In the eight weeks running up to the May 24 primary, two super PACs supporting Walker’s GOP rivals plan to drop millions of dollars in ads attacking Walker, according to people familiar with their spending plans — ad buys that stand to alter the shape of a race that could decide control of the Senate.
Walker is still expected to finish first in the primary. But his opponents intend to drive his support under 50 percent and force him into a June runoff, when the second-place finisher will be able to focus attention on what many Georgia Republicans contend is Walker’s unique vulnerability to Democratic attack: his history of alleged domestic abuse.
With one of the Senate’s top fundraisers, Democratic Sen. Raphael Warnock, looming in the fall, some Republicans fear Walker won’t be able to survive the onslaught of Democratic attack ads.
At a meeting of the Putnam County Republican Party on Monday night, Walker’s leading challenger, state Agriculture Commissioner Gary Black, closed his stump speech with an impassioned appeal for the crowd to do their research on Walker.
“Folks, he can’t win in November,” Black said, raising his voice as he spoke. “The baggage is too heavy. It’ll never happen.”
“Let the Democrats pour $140 million on top of domestic violence and threatening shootouts with police,” he added. “Let that happen. That discussion is going to be had right now. I’m pretty passionate about that.”
Black was referring to police reports documenting Walker’s past run-ins with law enforcement and instances of alleged domestic violence. Walker has publicly discussed his long history with mental illness.
Black and former Navy SEAL officer Latham Saddler, two of the six Republicans vying for the Senate nomination, are being aided by new super PACs that each plan to soon make seven-figure ad buys attacking Walker and highlighting their candidates as a sensible alternative. Representatives of the super PACs declined to say how much money they’ve raised to date.
“Everybody seems to feel like Herschel is kind of inevitable,” said Tyler Foote, a Republican consultant working on the Georgia First PAC to support Saddler. “None of the surveys, at least that I’ve seen so far, are actually testing the negative hits against Herschel. They’re just doing the horse race.”
So far, very little has been spent going negative on Walker — and specifically, no ads have appeared yet on television. Foote said his independent expenditure group plans to collaborate with Defend Georgia, the super PAC backing Black, to be strategic on anti-Walker messaging in the coming weeks.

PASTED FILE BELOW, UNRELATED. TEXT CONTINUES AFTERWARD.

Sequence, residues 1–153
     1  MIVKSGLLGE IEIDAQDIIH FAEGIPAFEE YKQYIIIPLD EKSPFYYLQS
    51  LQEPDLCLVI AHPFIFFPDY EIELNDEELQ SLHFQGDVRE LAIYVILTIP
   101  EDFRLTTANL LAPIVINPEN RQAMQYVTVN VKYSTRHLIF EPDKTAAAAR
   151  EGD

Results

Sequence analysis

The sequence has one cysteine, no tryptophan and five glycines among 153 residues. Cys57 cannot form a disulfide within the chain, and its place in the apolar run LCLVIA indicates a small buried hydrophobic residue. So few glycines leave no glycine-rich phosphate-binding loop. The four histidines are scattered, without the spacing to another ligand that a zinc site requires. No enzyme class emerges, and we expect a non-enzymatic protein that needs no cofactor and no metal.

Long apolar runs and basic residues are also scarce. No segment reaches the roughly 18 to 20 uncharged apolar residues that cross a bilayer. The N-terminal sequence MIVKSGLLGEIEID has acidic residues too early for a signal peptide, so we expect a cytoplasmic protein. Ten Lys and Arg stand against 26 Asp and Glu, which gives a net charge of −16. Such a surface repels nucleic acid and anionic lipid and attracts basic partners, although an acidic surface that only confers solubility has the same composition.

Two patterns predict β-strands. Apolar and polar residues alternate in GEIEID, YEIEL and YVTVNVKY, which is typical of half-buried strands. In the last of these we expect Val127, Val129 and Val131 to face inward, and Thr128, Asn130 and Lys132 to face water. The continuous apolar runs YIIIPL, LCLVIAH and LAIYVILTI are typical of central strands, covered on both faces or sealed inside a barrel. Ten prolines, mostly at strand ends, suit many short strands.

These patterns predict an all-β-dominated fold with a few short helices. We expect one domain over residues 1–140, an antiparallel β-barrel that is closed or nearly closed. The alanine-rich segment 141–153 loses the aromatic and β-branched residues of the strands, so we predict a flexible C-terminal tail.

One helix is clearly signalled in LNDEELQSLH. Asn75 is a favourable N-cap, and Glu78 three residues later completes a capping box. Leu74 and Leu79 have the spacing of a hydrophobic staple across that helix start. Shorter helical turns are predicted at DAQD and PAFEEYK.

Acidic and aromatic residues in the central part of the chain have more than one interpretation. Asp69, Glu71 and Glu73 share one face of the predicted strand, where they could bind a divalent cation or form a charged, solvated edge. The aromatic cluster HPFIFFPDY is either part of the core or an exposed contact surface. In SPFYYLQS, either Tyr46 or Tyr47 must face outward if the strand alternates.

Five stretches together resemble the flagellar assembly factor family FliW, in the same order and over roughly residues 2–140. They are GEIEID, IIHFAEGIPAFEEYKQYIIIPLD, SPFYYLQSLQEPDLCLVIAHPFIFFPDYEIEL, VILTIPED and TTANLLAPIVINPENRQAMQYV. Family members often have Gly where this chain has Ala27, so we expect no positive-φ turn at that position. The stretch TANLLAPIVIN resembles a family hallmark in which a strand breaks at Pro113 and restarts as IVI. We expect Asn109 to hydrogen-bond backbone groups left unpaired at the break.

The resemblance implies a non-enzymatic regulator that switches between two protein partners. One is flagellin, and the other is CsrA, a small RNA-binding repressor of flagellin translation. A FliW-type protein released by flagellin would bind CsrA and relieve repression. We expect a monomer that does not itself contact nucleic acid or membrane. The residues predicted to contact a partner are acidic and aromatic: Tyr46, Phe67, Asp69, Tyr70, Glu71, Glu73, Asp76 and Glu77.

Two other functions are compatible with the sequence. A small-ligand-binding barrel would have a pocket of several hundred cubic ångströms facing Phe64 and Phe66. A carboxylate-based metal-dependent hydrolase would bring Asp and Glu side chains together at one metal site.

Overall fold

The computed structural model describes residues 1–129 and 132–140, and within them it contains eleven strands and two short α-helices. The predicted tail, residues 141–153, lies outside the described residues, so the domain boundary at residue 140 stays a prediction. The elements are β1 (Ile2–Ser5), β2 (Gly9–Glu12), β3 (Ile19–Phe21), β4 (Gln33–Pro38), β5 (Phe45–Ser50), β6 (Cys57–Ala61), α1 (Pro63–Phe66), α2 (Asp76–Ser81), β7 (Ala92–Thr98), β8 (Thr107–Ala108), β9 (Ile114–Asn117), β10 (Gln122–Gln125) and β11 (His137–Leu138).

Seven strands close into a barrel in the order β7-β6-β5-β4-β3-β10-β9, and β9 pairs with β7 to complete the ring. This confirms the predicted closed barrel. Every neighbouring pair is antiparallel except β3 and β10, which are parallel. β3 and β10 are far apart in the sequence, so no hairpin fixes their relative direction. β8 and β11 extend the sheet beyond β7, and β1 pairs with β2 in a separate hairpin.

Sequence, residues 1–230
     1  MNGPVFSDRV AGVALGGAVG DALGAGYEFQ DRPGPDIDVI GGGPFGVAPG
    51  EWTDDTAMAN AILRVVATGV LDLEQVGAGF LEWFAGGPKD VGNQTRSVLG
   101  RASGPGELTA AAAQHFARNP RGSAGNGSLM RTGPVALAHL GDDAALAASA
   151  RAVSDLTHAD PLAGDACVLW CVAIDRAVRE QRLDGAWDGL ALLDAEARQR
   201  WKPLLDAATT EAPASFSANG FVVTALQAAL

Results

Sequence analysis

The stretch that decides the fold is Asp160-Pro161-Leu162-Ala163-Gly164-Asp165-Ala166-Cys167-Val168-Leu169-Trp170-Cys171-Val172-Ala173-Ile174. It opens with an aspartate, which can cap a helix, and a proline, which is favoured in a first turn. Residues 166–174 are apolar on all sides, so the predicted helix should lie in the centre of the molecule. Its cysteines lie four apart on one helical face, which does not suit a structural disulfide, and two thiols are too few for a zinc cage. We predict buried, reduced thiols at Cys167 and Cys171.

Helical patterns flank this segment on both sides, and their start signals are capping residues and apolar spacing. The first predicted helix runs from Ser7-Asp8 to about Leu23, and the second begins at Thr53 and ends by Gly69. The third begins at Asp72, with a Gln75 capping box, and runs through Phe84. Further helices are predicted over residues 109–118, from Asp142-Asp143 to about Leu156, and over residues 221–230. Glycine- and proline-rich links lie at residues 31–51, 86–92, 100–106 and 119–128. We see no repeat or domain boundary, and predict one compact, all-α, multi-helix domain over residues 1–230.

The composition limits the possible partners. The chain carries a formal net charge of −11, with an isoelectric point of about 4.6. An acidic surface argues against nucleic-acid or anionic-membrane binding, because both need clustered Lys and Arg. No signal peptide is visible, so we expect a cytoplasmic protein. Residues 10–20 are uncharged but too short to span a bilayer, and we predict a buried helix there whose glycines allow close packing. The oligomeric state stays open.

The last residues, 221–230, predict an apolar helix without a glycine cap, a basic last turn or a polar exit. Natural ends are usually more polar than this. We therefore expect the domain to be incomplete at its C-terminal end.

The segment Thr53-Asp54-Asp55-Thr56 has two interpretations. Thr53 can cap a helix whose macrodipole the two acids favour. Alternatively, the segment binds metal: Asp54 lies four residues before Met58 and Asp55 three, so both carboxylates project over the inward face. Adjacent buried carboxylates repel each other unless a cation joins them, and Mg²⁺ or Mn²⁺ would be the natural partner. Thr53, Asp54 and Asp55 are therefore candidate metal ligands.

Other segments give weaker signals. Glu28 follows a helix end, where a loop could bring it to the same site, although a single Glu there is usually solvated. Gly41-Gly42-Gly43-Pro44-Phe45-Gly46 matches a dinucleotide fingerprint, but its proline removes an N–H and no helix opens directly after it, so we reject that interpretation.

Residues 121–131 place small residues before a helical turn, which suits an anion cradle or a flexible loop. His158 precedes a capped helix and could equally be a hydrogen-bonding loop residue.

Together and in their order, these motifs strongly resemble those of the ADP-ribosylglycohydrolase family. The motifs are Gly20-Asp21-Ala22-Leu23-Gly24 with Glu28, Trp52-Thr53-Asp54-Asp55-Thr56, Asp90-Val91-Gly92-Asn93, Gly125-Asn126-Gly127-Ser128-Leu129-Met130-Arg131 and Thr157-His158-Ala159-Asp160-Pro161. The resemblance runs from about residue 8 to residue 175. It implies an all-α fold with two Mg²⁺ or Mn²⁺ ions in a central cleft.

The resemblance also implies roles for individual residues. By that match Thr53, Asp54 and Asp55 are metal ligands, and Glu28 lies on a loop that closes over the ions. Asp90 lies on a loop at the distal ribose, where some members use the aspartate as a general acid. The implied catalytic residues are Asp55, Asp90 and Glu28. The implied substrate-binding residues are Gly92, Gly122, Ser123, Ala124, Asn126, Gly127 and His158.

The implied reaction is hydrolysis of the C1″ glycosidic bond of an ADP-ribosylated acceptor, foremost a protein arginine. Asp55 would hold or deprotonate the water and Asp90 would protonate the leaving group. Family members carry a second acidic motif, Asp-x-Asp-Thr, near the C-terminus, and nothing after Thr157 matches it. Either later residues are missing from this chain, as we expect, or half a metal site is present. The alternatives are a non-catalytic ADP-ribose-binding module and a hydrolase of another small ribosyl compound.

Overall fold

Polling conducted by Georgia First PAC in December sought to answer not who was closest behind Walker, but “can Herschel Walker really be beat” in a primary, Foote said. “And yeah, he can.”
After informing voters about Walker’s history of alleged domestic violence — which includes his ex-wife being granted a restraining order after she told police Walker pointed a gun at her head and choked her unconscious — as well as other points about his business record and stance on immigration, the group said his vote share dropped to 34 percent.
That polling was conducted by Ingress Strategies among 890 likely Republican primary voters, half through landline interviews and half through mobile text response, with a margin of error of 3.9 percent.
Similarly, a memo sent March 18 to Black’s donors, obtained by POLITICO, says Black’s campaign hired Meeting Street Insights to conduct internal polling in late February and found Walker’s support dropped to 38 percent after Republican primary voters were informed about past allegations and his support for granting a pathway to citizenship to some immigrants living in the country illegally. The pollster interviewed 500 primary voters on landlines and cellphones with a margin of error of 4.4 percent.
A Fox News poll conducted in early March found support for Walker at 66 percent among GOP primary voters — far ahead of Black at 8 percent, and the other candidates in the low single digits. But the Fox survey showed Walker’s support slipping since polls conducted this winter by Quinnipiac University and The Trafalgar Group found him at 81 and 70 percent, respectively.
Walker spokesperson Mallory Blount rebuffed in a statement the idea that Walker’s support had fallen and that there was any chance of a runoff occurring.
“There’s been zero drop in poll numbers since this race started,” she said. “Any suggestion to the contrary is silly. The other Republicans in this race are at less than 15% combined. Their only strategy to gain any sort of relevance is to obsess over Herschel. Herschel is solely focused on beating Raphael Warnock.”
Polling last summer and in January showed Warnock beating Black by at least 5 percentage points in a general election, though more surveys have tested a match-up between Warnock and Walker, showing an even tighter race.
In an interview, Black said his campaign, “for practical purposes, is just getting started,” and suggested voters will begin paying more attention to the race within a few weeks when the NCAA men’s basketball championship and Masters Tournament in Augusta are over.